Production ended in September 1998; the last aircraft, an RSAF (Royal Saudi Air Force) IDS, was completed by British Aerospace that year. In 2008, Air Forces Monthly labelled the aircraft:[34]

For more than a quarter of a century... the most important military aircraft in Western Europe.

Design

Overview

A 27 Sqn RAF Tornado GR1 with its wings fully swept back

The Tornado was designed as a low-level supersonic ground attack bomber that would be land-based and operate from large airfields considered to be vulnerable to aerial attack. To perform its missions, both good high-speed and low-speed flying characteristics of the aircraft were essential. In order to achieve the desired high-speed performance an aircraft would typically feature a highly swept or delta wing platform. However, these wing designs are very inefficient at low speeds; in order for the aircraft to be operated efficiently at both high and low speeds, variable wing sweep was incorporated into the Tornado design.[6] When the wings are swept back, the Tornado IDS increases its high-speed low-level capability by reducing drag. When sweeping, the wings partially slide into the fuselage, reducing the exposed wing area.[6]

During the development of the aircraft, short field landing capability was considered essential in order to enable the aircraft to operate from short strips on potentially damaged runways and taxiways.With the wings swept fully forwards, the Tornado IDS generates greater lift because of the increased exposed wing area and the use of full-span flaps and slats. This gives greater lift at lower speeds, reducing the minimum landing speed required and therefore giving shorter landing distances. Thrust reversers are also fitted to help in this respect, the Saab Viggen being the only other fighter aircraft to include this feature.[35]

A Tornado undergoing maintenance

The cockpit is of conventional design with a centre stick and left hand throttles. Primary fly-by-wire flight controls are an analogue Command and Stability Augmentation System (CSAS)[36], connected to a digital Autopilot & Flight Director System (AFDS). When a pilot wants to fly at low speed, a cockpit selection lever is used to sweep the wings forward, maximising lift. When flying faster the wings are swept further back. In flight the Tornado GR4 uses three sweep angles – 25, 45 and 67 degrees, with a corresponding speed range appropriate for each angle.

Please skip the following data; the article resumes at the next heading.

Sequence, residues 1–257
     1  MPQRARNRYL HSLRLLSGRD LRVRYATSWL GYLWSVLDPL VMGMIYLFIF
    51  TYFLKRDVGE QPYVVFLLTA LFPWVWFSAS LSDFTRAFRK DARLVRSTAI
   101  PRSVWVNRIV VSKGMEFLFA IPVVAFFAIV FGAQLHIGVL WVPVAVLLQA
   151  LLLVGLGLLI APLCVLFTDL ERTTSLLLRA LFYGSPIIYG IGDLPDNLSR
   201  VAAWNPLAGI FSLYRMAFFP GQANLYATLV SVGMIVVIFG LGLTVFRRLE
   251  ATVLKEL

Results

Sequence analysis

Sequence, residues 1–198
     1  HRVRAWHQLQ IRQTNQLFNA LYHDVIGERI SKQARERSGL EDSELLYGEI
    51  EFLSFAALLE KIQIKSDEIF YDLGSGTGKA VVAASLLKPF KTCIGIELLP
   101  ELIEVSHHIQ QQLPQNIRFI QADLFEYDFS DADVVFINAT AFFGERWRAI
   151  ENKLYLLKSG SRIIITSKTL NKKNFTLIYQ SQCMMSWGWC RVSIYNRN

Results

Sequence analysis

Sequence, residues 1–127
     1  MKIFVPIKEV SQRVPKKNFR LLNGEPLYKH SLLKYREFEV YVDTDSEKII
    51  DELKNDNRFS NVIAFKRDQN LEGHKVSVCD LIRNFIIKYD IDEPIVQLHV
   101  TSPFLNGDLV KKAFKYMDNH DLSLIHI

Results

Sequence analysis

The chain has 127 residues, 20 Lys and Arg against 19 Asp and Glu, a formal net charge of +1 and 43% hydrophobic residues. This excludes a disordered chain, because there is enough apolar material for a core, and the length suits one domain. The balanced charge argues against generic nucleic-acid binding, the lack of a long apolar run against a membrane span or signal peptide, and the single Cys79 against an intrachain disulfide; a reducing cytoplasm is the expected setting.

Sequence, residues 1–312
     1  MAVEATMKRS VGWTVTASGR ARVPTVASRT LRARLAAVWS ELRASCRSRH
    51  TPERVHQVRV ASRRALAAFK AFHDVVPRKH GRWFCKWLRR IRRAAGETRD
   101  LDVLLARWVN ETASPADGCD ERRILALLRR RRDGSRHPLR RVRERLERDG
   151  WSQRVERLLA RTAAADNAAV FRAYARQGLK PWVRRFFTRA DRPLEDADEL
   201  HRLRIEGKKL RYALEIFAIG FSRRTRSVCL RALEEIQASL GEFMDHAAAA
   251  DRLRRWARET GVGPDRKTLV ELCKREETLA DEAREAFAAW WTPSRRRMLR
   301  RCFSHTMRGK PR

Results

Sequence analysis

The Tornado incorporates a combined navigation/attack radar that simultaneously performs searches, ground-mapping, and terrain-following activities. The Tornado ADV has a different radar system, AI.24 Foxhunter, capable of tracking 20 targets at ranges of up to 100 miles continuously.[35] The Tornado is cleared to carry almost all the air-launched weapons in the NATO inventory, including cluster bombs, anti-runway munitions, and nuclear weapons. Ground attack versions have a limited air-to-air capability with Sidewinder or ASRAAM air-to-air missiles (AAMs); the ADV variant can also launch long range AAMs such as the AMRAAM.

Engine

Britain considered the selection of Rolls-Royce to develop the advanced engine for the MRCA to be essential, and was strongly opposed to the use of an engine from an American manufacturer, to the point where the UK might have withdrawn following a different selection.[37] In September 1969 Rolls-Royce's RB 199 engine was selected, an advantage over that of the US competition was a technology transfer to the partner nations had been agreed; the engine was to be developed and produced by a joint company, Turbo-Union.[38] The program was delayed by the entry of Rolls-Royce into receivership in 1971, but the multinational collaboration process was beneficial to avoiding major disruption of the Tornado program.[39]